On the 8th night of Chanukah my bubby gave to me...
The Jews found enough oil to last for 1 day, but God miraculously made the oil last for 7 more days. So why do we celebrate 8 days of Chanukah, if only 7 days were miraculous? We celebrate all 8 days to teach us that even the first day was a miracle - it was the “miracle” of nature, that God makes oil burn in the first place.
Dreidel dreidel dreidel...you know the song!
We play dreidel on Chanukah to commemorate how the Jewish children used to play dreidel when the Greek patrols walked by, to hide the fact that the Jewish children had been studying Torah. The Greeks and many other nations have tried to squelch our study of Torah for thousands of generations, but the Torah and the Jewish people keep going strong to this very day.
Milk and CookiesVia Micah YoungPeas and CarrotsVia fotodujour.com
Latkes (aka potato pancakes)!
Why do we have latkes you ask? Because they're delicious! And also because they're cooked in oil which reminds of us the miracle of Chanukah.
The root of Kislev כשל means hope or trust. After the temple was ransacked by the Greeks, the Jews were hoping and searching for any bit of salvageable oil, and because of their continued hope they found one jar. The Jews also exhibited an immense amount of trust and faith that God was looking out for them, which was then revealed through the oil lasting 8 days!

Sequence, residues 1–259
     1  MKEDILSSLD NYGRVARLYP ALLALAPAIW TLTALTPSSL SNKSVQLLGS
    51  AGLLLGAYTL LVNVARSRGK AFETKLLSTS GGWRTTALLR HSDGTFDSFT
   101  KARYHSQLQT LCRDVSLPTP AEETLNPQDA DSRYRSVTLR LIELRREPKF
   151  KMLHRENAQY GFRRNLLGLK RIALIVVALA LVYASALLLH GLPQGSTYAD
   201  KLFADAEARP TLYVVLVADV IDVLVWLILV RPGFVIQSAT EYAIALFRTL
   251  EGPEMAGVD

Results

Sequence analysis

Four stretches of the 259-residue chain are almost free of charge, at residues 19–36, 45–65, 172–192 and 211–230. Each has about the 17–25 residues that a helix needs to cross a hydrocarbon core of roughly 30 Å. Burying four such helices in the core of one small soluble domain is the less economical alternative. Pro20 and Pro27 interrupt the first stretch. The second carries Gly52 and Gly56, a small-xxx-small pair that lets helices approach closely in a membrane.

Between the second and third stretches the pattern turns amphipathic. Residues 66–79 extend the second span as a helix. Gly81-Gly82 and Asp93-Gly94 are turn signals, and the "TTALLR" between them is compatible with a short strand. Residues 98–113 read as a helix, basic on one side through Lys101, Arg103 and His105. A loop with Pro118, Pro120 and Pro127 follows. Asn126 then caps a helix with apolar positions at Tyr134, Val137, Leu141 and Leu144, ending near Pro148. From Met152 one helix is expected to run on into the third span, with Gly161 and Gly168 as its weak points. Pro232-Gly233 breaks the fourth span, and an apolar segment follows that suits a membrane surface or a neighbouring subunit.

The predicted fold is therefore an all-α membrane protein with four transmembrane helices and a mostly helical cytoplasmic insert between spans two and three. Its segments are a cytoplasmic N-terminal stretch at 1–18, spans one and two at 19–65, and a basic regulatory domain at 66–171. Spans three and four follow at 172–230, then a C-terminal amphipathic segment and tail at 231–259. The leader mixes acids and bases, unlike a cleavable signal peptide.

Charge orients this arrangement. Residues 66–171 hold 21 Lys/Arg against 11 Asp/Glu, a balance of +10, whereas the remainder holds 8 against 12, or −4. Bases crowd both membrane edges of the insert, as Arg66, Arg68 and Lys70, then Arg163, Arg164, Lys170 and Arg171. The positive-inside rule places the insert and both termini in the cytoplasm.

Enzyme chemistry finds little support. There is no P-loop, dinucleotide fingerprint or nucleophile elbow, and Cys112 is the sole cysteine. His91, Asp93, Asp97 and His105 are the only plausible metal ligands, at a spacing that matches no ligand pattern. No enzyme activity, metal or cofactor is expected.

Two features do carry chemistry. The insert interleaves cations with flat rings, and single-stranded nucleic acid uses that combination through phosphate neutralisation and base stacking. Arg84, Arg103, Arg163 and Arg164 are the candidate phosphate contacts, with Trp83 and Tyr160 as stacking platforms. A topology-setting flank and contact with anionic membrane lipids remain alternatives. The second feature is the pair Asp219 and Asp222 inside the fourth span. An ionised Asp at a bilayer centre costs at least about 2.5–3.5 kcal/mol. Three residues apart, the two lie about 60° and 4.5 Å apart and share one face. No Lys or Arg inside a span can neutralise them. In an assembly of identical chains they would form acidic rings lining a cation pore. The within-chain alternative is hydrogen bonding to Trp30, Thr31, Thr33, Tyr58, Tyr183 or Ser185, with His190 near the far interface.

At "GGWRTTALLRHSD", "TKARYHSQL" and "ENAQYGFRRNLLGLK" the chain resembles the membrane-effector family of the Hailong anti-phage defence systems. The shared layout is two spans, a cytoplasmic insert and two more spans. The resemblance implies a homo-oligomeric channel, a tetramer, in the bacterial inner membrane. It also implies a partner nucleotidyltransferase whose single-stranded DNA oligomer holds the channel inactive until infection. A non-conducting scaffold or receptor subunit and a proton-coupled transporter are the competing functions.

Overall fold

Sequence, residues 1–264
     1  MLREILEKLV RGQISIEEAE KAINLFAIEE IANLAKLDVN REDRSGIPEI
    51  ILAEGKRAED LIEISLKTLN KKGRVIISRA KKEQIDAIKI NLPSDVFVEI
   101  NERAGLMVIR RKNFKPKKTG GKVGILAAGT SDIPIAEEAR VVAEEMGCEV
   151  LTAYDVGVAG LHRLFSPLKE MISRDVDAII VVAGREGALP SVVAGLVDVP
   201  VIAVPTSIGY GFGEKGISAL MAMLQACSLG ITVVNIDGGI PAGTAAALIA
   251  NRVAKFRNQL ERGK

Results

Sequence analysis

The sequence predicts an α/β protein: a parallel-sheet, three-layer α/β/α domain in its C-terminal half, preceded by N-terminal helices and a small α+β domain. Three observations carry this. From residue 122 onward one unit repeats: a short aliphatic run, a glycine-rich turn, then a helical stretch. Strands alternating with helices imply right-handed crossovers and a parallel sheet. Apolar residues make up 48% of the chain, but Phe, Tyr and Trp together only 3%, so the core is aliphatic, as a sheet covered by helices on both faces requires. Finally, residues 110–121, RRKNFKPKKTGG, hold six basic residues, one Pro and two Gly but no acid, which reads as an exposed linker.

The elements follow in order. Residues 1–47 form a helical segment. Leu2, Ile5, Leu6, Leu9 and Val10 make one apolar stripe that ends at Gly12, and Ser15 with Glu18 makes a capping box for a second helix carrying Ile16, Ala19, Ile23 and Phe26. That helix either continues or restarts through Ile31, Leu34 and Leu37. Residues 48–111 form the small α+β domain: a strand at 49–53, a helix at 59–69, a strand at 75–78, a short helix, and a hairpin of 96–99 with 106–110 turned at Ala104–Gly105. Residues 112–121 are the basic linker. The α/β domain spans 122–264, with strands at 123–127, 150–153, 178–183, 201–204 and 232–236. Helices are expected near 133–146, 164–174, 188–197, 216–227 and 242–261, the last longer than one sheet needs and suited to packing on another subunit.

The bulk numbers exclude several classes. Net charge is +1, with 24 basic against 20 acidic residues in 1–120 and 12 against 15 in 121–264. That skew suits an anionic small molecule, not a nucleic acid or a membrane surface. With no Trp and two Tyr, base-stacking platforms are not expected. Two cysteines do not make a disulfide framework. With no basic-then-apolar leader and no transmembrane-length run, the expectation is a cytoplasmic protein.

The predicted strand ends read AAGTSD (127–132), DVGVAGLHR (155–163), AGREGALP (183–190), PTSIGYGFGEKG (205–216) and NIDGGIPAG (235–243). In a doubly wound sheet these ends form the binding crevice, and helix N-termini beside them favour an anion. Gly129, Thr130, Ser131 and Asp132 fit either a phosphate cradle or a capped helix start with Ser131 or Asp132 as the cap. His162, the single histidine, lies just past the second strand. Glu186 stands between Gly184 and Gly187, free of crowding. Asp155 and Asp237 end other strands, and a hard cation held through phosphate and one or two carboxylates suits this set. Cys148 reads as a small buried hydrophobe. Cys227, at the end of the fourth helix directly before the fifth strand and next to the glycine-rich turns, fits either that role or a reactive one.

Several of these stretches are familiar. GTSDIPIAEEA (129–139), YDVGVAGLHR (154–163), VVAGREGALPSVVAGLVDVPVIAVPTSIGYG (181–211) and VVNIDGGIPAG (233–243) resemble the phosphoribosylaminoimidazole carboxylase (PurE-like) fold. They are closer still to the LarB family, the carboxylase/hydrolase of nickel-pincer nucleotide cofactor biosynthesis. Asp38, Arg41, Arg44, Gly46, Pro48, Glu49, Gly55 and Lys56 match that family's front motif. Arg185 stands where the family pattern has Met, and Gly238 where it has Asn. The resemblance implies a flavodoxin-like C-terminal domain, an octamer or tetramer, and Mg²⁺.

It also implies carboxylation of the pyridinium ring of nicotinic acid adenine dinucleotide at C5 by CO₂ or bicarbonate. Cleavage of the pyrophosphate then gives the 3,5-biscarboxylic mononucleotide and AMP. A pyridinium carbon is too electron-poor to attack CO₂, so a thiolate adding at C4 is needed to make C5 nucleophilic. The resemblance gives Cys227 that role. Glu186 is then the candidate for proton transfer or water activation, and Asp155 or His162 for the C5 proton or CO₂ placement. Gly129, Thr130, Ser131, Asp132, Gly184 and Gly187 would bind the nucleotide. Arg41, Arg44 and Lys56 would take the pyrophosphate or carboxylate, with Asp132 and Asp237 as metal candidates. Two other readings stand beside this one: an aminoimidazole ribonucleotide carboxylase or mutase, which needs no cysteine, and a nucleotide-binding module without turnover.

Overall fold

Place candles left to right, Light candles right to leftPlace candles right to left, Light candles left to rightPlace candles left to right, Light candles left to rightPlace candles right to left, Light candles right to left
Place candles right to left, Light candles left to right
It's tricky, for sure. Usually a question for Bubby. Here's an easy way to remember: REPLACE from the RIGHT. LIGHT from the LEFT. Another hint is that you want to light the newest candle first, which will be on the farthest left.
This fried, oily goodness commemorates the miracle of the oil lasting for 8 days, much like the latkes. Fun Fact: Around 17.5 million donuts are eaten in Israel during Chanukah!
The Shammus IS part of the menorah, however it is NOT one of the Chanukah candles. It is specifically there because we are not allowed to use the Chanukah candles for a productive purpose. That's why we use the Shammus to light each candle, rather than lighting from one to the other. Was that an unfair question?
ChanukahHanukahChanukkahHannukahChanukaThey're all right!
Oy vey, there are 16 different ways to spell it... you basically can't spell it wrong!